We also urge companies to anticipate difficult situations such as the current global economic crisis which is impacting negatively in our country socially and economically.
The decrease in the demand and price of platinum, coupled with internal dynamics within the sector, are already leading to job losses in South Africa.
Shareholders naturally look at their profit margins and tend to prioritise them over jobs.
If we plan together as we should and keep channels of communication open at all times, we can arrive at win/win solutions that benefit the country as a whole, while protecting the vulnerable, especially workers and the poor in our country.
Let me also remind you of our six job drivers in which we urge you and the international business sector to invest in. These are agriculture, tourism, infrastructure development, mining, manufacturing and the green economy. We have been promoting investments and growth in these six areas since 2010 and trust that you will continue to find opportunities. The purpose is to create jobs and improve the livelihoods of our people.
Infrastructure development is our flagship project, given its capacity to create jobs while changing the landscape of our country. Domestically there are roads, dams, power stations, schools, hospitals and more that are being built or refurbished. All these provide enormous opportunities for the business sector.
In the continent, the North-South infrastructure development corridor that South Africa champions, from Durban to Dar-es-Salaam, also provides enormous investment opportunities.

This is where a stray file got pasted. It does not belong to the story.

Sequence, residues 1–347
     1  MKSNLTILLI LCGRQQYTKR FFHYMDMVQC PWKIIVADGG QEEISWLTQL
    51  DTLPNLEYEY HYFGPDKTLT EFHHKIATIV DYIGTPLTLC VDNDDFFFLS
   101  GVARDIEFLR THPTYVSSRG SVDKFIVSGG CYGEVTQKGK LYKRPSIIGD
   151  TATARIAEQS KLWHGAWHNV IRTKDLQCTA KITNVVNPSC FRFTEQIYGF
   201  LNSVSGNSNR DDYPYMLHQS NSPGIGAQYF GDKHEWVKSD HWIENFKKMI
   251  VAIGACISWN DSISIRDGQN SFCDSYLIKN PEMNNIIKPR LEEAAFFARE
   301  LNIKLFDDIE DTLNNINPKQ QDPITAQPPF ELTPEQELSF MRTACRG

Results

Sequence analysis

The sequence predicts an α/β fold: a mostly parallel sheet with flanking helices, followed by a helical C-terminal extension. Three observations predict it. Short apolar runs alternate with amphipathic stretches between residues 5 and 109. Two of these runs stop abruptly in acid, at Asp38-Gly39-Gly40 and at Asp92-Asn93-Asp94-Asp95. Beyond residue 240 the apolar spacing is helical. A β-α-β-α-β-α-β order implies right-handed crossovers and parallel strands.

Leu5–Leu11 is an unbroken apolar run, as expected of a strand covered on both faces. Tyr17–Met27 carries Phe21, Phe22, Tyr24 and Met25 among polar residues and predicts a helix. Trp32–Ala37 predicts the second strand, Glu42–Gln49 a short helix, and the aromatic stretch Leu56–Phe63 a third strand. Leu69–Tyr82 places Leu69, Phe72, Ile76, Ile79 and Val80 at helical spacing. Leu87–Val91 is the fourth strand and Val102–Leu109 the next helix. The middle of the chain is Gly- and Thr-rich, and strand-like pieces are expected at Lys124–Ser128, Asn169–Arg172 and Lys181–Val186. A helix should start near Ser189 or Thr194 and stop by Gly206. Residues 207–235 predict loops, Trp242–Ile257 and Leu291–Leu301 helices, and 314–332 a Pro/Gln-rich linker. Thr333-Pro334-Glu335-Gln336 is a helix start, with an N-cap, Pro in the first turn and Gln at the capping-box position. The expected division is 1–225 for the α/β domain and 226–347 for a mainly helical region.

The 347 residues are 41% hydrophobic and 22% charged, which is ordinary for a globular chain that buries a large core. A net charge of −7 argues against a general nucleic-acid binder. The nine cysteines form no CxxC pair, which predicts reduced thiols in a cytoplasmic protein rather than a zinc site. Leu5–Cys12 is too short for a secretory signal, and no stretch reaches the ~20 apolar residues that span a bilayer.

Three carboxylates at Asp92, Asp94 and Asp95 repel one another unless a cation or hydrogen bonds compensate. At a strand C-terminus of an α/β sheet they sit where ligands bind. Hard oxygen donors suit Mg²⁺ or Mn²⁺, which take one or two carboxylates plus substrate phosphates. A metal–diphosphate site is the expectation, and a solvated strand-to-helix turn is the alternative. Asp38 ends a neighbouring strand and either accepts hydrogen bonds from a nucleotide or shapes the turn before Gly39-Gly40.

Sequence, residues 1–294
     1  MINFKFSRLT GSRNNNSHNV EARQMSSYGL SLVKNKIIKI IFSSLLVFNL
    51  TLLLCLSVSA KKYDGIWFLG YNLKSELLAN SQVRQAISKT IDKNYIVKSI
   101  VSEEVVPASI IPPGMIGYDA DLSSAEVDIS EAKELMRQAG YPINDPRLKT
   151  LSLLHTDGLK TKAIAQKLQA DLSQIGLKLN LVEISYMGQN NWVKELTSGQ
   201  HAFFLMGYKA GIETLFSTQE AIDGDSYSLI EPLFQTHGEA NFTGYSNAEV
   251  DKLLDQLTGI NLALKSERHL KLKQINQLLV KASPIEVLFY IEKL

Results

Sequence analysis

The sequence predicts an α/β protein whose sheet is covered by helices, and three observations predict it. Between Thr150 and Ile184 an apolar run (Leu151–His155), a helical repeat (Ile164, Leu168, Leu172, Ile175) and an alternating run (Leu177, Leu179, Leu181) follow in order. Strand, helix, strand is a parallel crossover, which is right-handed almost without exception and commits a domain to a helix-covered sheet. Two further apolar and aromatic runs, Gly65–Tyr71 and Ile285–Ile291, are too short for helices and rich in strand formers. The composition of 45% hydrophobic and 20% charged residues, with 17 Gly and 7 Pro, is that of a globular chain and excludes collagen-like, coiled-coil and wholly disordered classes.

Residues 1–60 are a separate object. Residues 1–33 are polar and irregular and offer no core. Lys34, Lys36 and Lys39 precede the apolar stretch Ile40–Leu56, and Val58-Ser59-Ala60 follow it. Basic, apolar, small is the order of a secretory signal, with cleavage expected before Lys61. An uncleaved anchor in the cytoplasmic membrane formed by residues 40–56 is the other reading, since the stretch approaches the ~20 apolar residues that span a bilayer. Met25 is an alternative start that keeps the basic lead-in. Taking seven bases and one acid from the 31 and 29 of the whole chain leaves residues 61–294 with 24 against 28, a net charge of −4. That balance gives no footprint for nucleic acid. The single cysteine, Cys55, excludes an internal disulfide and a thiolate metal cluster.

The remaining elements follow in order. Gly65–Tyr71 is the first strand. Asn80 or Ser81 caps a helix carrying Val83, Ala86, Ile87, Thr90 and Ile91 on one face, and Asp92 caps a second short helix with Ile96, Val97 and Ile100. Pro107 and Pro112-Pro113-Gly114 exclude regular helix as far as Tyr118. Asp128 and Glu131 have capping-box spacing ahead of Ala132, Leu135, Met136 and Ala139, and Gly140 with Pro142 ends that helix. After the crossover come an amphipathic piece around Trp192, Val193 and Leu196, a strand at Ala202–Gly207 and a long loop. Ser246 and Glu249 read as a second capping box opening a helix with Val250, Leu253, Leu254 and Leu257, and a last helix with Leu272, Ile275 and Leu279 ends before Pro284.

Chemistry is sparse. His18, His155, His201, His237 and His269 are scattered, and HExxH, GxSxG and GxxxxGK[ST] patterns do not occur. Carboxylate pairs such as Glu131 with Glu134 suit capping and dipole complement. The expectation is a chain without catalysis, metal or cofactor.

Let me reiterate that Mangaung has brought about policy certainty. Now is the time for us to work harder to break the back of poverty, unemployment and inequality, working together. We must focus our collective energies on building a prosperous South Africa and the achievement of socio-economic freedom in our lifetime for our people.
It is also the time for all us to begin promoting our country and selling its many positive attributes. This means we need a serious shift in mindset. We must turn our backs on negativity and embrace a new spirit of innovation, creativity and patriotism. We also need to stop exaggerating some of the occurrences in our country which are regarded as normal in other countries. For example, worker strikes are a common feature in democracies. Workers have rights and know their rights. They will exercise these rights from time to time. Strikes hardly make headlines in other countries as they are normal occurrences. In South Africa these tend to be seen to indicate that the country is somehow falling apart!
We have a progressive labour relations framework which must be utilised to quickly resolve industrial disputes. We must move away from exaggerations and focus on solutions.
It is possible to build a South Africa as outlined in the National Development Plan, where all have water, electricity, sanitation, quality education, health care and housing, and where the majority have jobs and a good life. But that will require a lot of work from all of us. It will require the collective use of the talent and leadership that exists in our country in business, government, labour and the community sectors in a partnership for development and progress.
South Africa provides huge opportunities in the six job drivers, especially the infrastructure programme, which is estimated at four trillion rand over the next 15 years.
South Africa is stable, friendly, resilient and able to solve its problems. That is the type of country and society that we are presenting to the world.
We are presenting a South Africa that is open for business and which is open to provide entry into the African continent, a fast growing region which is proving many Afro-pessimists wrong.
I wish you well with all your sessions.
Let us make South Africa shine in Davos, together!
I thank you.